Engineering 101

What Sells Electric Cars?

Tesla became the most valuable car manufacturer for many reasons from glamour to having the longest-range vehicles. The IDTechEx report, ‘Electric Vehicles: Land, Sea and Air 2021-2041’ gives the big picture. A long-range battery-electric vehicle BEV sells for 60% of its original price after three years but a short-range one retrieves only 20% regardless of purchase price. Indeed, Tesla does not sell cheap. Consider the United Kingdom.

The CEO of the UK motor trade association SMMT recently warned: “Just as the automotive industry is accelerating the introduction of the latest electrified vehicles, it faces the double whammy of a coronavirus second wave and the possibility of leaving the EU without a deal.”

He warned that electric vehicles could become more expensive under a no-deal Brexit, canceling out government incentives designed to tempt buyers into zero-emission vehicles. World Trade Organisation (WTO) tariffs would add £2,800 to the cost of electric vehicles. This would largely negate the government’s plug-in car grant, which sees electric vehicle buyers save £3,000 off the original price, he noted. Wrong emphasis. Tesla succeeds regardless of tariffs. The European car industry can do the same.

The UK will benefit from trade deals being signed from Ukraine to Japan and maybe something will happen with the European Union but that is not key to the success of the UK motor industry. It is making what is wanted in the light of tightening zero-emission legislation across the world, including in the UK.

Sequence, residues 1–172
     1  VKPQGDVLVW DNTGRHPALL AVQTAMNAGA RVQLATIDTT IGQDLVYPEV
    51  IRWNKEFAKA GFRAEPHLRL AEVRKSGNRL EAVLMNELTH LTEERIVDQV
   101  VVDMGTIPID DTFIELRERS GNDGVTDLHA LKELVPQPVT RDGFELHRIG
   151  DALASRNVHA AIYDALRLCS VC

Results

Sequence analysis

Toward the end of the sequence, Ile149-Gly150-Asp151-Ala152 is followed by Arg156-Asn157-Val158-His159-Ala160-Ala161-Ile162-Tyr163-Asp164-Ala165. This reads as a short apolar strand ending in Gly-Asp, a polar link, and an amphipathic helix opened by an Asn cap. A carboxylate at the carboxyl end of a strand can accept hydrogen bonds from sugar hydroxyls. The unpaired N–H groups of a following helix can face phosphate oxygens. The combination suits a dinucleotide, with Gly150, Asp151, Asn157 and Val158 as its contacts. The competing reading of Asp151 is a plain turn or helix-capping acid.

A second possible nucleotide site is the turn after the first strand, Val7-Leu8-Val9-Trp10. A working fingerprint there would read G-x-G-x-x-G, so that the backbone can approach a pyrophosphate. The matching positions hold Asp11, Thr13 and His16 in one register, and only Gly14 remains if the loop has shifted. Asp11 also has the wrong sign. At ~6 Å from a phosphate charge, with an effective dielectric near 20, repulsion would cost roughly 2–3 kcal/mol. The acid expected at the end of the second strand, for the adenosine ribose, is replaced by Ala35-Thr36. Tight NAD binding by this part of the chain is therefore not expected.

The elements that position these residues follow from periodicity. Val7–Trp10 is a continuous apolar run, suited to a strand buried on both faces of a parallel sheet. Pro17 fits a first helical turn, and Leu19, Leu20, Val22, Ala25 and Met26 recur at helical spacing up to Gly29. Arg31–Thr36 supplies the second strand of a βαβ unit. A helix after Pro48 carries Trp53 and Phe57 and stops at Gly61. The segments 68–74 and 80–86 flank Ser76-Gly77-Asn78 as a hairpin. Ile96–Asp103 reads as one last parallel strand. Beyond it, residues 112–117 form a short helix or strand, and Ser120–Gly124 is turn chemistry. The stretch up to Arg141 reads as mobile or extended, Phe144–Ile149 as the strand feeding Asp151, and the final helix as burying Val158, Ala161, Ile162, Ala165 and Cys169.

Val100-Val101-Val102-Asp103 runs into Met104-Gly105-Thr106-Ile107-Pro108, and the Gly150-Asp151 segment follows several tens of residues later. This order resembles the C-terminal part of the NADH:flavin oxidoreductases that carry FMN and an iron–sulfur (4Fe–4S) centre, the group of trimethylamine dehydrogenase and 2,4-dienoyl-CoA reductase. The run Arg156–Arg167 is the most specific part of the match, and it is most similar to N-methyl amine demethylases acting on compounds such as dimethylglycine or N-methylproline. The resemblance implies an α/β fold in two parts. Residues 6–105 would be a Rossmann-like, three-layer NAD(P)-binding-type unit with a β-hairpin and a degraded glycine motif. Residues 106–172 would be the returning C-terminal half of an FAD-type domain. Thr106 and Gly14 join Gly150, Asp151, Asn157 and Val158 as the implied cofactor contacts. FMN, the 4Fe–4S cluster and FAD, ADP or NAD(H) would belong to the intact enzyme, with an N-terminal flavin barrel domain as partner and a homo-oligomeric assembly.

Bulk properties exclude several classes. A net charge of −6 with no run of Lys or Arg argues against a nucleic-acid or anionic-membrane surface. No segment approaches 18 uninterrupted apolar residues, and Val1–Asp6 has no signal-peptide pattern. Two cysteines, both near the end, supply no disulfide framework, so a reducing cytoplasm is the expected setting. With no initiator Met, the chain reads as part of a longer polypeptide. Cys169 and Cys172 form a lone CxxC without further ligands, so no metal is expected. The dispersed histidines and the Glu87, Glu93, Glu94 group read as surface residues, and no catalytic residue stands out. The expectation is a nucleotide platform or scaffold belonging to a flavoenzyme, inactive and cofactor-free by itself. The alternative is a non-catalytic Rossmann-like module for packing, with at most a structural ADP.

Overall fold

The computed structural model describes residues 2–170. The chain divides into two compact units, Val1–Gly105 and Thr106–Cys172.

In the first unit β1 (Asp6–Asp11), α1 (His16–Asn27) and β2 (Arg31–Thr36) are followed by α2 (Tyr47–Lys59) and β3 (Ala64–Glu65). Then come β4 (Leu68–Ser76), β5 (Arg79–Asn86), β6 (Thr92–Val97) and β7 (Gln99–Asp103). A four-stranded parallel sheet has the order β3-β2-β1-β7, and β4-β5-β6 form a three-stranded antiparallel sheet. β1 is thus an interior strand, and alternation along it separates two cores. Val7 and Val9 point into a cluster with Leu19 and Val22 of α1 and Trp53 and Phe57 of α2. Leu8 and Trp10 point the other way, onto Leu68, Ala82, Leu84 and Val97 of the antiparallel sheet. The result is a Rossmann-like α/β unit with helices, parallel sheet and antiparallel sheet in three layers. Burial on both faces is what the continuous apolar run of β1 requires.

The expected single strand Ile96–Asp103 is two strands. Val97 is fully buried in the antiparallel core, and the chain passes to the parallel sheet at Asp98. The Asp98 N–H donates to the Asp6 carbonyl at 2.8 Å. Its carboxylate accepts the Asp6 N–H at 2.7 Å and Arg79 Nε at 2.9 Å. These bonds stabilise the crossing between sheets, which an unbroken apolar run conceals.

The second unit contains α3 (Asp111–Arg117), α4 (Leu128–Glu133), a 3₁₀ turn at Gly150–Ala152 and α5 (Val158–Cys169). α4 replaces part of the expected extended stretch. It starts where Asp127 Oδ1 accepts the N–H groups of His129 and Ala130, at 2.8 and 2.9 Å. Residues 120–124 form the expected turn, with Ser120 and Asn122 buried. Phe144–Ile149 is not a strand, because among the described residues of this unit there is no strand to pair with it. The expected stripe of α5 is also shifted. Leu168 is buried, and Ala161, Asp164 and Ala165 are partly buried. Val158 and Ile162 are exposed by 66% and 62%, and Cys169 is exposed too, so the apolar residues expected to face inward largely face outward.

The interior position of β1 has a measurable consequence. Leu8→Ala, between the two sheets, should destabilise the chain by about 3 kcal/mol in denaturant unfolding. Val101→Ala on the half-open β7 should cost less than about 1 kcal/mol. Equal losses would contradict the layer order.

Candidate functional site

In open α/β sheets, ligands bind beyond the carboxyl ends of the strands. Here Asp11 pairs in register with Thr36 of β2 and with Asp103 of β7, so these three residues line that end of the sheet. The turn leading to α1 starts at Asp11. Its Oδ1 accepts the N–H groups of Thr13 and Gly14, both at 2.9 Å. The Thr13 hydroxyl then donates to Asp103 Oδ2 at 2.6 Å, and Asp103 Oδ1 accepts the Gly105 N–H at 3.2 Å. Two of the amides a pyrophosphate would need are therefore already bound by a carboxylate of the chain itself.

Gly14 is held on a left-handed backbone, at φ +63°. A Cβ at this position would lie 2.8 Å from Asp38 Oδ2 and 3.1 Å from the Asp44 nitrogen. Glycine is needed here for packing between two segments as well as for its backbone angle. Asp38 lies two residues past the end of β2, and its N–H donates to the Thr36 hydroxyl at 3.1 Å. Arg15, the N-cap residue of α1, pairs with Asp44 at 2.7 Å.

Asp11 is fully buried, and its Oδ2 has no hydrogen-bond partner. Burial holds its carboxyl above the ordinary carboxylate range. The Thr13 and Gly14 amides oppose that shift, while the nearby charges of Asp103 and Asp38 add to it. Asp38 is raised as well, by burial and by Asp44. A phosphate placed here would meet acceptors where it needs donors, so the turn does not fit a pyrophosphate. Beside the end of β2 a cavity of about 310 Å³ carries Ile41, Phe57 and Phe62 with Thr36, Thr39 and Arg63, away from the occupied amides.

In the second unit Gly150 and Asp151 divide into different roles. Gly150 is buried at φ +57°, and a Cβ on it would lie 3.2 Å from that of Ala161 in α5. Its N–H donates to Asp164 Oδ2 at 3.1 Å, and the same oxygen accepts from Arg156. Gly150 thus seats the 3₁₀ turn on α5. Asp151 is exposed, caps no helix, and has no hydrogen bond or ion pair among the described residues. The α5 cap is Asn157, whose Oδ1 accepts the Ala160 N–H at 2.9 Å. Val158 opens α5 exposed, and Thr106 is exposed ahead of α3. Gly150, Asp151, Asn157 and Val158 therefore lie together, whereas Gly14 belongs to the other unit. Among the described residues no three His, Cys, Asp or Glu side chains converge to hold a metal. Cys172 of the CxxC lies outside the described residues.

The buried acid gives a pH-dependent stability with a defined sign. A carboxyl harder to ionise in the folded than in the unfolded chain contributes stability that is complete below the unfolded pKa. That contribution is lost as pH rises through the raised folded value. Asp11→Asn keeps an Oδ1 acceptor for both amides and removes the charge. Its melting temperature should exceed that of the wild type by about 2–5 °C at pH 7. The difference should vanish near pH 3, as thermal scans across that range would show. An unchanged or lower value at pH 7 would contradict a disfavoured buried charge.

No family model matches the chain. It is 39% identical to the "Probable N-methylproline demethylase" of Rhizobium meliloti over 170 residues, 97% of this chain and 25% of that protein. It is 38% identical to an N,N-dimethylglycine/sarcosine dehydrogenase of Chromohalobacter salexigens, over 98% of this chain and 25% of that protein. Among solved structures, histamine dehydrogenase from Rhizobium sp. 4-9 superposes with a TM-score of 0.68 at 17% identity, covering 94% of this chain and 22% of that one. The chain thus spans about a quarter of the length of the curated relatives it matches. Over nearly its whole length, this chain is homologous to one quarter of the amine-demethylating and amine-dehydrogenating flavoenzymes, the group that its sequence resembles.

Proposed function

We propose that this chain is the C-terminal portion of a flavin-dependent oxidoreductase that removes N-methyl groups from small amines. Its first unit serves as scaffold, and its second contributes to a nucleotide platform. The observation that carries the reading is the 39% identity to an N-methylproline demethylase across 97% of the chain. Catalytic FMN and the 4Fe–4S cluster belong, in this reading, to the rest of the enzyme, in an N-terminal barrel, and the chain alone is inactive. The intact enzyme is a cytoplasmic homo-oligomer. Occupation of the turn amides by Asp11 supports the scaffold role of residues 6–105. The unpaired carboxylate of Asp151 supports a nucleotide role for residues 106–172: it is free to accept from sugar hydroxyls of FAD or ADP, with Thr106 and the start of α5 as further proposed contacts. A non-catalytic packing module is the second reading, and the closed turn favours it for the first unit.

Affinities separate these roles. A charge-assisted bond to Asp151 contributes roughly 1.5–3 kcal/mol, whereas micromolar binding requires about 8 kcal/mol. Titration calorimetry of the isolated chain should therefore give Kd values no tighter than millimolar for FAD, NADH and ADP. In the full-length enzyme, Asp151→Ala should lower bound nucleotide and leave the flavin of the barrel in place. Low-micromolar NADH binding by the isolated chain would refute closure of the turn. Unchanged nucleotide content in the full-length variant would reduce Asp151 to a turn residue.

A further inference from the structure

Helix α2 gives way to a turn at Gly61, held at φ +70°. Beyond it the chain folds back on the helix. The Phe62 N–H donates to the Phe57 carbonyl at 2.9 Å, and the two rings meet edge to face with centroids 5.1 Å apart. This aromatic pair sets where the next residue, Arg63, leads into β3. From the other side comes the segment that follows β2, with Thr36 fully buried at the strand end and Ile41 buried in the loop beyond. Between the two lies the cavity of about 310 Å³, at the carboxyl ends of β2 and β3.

Having brought forward its ICE ban from 2040 to 2035 earlier this year, the UK Government is now likely to make that 2030. A large number of Conservative members of Parliament support the call. So does a coalition of fleet operators and the political opposition. The European Union, a global leader in emissions legislation, is also reviewing its position in this respect.

Meanwhile, we can see the effect of carrot instead of stick in London. The congestion zone is being expanded, parking restricted unless you are BEV. Londoners are moving to the outer regions for an affordable house and buying an affordable BEV even though many only have 200 miles range.

In the UK, Nissan, Jaguar-Land-Rover and some others are committed to primarily making BEVs but many UK car companies are not. Consequently, Londoners are often buying those affordable BEVs from Korea or China and luxury ones from Tesla. Could the SMMT make the point? So often, the future is in our own hands.

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